Tyler and his brother were definitely both victims of Educational neglect but WHAT PROTECTED THEM? They went an entire year with no education. We can try to blame family, friends, neighbors,pastors, CPS etc you keep trying to do........but no one was there to protect the boys from Educational neglect. Who's responsibity is it? The family, friends and new neighbors were told the boys were being homeschooled. Should we all call CPS on everyone that homeschools their children because we don't like it? Should every Grandparent, Aunt, Uncle, friend, etc call CPS everytime they cannot see a relative as much as they want to see them? Lets be real. CPS is already way overworked and underpaid, can you image how crazy it would be if everyone called them like you suggested? I am not going to beat up on the youth pastor if the post on the internet is correct. He will have to live with his mistake for the rest of his life. According to the post -He went to the parents and the parents made Tyler say it was all lies.

    I know the family and I know alot has been done (and is still being done) to help get Tyler's brother up to grade level. The authorities have also NOW been informed of the educational neglect....but nothing has happened. How many years could the boys have had no education..... 1 year, 2 years, 3 years, ten years.......before the laws you talk about would have protected them.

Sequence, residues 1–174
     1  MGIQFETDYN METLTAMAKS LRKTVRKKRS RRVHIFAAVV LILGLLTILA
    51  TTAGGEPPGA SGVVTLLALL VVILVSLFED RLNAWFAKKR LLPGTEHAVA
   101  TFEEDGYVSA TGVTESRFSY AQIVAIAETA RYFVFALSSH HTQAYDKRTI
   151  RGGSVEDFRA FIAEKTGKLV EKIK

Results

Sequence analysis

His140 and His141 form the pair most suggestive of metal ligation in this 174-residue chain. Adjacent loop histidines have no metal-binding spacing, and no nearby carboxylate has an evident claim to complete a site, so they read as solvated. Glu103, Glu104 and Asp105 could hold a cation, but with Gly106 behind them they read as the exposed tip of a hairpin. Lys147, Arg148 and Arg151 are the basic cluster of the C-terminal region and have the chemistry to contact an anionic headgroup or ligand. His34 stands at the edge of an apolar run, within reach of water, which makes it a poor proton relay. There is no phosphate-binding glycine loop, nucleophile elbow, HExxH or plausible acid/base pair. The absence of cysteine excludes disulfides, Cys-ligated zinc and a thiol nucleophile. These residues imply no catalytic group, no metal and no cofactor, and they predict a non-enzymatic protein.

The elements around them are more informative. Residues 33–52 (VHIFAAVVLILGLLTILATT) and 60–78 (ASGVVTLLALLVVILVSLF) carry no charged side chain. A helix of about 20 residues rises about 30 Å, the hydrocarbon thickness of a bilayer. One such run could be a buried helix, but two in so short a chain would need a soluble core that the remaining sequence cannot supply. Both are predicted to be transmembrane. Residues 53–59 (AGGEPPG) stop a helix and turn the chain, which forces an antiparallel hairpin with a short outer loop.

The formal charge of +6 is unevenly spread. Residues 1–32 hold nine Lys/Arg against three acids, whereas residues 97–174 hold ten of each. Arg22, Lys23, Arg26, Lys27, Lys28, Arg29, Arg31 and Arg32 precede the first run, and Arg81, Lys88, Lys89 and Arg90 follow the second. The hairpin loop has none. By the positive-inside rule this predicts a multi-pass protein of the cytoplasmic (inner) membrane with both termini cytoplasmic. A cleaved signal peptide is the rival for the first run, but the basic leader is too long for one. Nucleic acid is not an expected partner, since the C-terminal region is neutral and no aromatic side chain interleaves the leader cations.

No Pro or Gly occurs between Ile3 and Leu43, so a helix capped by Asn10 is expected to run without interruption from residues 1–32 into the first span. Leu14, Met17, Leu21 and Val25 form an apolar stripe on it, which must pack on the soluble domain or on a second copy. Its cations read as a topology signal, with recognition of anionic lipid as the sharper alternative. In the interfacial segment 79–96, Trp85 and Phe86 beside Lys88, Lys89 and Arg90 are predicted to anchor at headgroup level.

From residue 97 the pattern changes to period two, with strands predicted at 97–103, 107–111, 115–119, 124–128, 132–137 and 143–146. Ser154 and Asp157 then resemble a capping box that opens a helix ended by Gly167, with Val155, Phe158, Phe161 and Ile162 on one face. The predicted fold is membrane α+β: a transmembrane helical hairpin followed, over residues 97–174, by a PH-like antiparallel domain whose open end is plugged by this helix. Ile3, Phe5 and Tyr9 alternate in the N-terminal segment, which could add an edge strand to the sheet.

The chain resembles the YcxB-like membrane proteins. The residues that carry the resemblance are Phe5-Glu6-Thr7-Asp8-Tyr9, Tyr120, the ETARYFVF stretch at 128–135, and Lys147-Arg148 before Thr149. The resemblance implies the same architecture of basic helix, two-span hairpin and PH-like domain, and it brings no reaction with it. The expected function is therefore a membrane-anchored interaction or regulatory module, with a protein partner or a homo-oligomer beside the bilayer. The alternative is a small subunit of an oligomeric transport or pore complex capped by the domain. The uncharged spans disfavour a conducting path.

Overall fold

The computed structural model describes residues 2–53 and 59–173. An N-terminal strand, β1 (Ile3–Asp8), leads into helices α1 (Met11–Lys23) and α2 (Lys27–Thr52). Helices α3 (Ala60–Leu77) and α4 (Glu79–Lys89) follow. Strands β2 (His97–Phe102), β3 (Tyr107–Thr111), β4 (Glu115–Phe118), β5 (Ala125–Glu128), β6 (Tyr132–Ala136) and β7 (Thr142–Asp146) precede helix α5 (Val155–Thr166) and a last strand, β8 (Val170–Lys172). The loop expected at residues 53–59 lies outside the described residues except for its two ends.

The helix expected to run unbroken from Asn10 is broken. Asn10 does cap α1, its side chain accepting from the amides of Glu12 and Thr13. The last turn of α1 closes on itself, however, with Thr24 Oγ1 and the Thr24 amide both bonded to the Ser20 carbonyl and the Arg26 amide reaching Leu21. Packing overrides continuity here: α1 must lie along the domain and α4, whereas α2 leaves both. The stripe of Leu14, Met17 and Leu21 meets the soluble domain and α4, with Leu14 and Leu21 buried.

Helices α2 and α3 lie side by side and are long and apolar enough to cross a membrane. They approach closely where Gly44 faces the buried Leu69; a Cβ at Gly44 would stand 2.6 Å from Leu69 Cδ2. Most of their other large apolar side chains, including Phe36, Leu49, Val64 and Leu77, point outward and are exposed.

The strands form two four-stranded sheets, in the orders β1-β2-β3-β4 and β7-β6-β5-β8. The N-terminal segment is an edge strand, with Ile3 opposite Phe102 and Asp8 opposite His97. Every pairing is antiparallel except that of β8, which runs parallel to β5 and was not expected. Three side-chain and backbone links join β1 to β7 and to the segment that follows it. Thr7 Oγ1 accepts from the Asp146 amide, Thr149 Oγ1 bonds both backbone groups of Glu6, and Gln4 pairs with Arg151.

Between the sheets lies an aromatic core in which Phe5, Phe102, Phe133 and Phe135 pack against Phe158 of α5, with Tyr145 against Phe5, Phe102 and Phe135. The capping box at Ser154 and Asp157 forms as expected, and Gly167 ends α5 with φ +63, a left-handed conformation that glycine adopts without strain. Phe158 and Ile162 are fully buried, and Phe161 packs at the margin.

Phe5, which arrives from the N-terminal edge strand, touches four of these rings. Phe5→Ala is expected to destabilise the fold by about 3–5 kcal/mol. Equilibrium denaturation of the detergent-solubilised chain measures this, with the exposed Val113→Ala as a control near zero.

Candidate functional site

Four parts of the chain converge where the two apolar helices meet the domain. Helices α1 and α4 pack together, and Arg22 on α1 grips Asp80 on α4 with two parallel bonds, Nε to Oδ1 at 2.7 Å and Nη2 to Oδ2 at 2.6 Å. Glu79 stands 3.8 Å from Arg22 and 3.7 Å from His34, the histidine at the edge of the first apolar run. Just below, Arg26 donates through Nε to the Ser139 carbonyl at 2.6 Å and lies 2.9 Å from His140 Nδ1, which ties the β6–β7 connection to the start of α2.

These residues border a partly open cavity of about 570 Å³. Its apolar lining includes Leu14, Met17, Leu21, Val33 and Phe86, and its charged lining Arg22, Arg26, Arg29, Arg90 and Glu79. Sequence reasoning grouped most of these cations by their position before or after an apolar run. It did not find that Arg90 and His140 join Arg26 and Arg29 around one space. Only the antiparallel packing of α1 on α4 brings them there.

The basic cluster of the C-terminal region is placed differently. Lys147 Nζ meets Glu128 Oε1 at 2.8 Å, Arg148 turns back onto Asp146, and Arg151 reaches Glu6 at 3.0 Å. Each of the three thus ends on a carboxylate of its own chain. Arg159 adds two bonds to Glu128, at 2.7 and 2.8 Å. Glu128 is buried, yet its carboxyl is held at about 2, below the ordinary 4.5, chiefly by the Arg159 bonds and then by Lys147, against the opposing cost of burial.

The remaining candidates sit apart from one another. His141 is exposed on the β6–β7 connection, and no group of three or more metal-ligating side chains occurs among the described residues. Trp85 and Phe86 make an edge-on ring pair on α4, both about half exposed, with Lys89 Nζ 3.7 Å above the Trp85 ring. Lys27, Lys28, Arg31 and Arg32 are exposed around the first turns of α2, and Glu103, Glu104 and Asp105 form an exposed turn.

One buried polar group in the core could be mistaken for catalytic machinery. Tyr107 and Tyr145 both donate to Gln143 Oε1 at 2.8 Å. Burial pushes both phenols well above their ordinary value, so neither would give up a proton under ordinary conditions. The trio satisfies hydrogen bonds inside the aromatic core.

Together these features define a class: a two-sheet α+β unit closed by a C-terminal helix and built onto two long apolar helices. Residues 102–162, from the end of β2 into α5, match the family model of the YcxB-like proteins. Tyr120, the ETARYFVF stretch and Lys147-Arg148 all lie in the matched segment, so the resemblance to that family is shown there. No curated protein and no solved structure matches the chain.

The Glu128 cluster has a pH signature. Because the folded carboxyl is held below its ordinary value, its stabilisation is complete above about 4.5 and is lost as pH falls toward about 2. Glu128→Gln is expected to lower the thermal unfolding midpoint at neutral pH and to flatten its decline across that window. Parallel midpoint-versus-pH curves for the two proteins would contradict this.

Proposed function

Again, I am big enough of a person to state that not all homeschooling is bad but I am very much in favor of more regulation so no child can go thru the educational neglect Tyler and his brother went thru.

  23. Women are abused domestically in much greater numbers than children are in homeschool settings, yet regulating private relationships with government inspections, etc, is not seriously proposed as the solution to end that abuse.

  24. JJ Ross - get real and grow up. Your sarcasim is childish. Abuse is wrong no matter what. The difference is an adult has choices and can leave a relationship, a child cannot.

  25. That wasn't sarcasm. And central to domestic abuse at any age is establishing the emotional control over another person that makes leaving seem impossible.

  26. Sarah,
    By your own admission they were not legally homeschooling as they were not registered as state law required.

    So all these "regulations" you want would NOT have HELPED as the McMillan's weren't legally homeschooling in the first place.

    Again the vast majority of homeschoolers provide their children with wonderful educations and do NOT isolate them. They should not be "regulated" because some do not. Especially when there are already LAWS in place to protect children from abuse and educational neglect.

    I am a bit puzzled in one of your former post you made it sound as if the family wasn't able to see the kids at all. In your last post you are saying they just didn't get to see them as much as they would have liked. Which is it????? If they did get to see the kids then surely they had a chance to notice the educational neglect and the abuse. If they weren't allowed to see them at all, then certainly that should have been a red flag to notify CPS.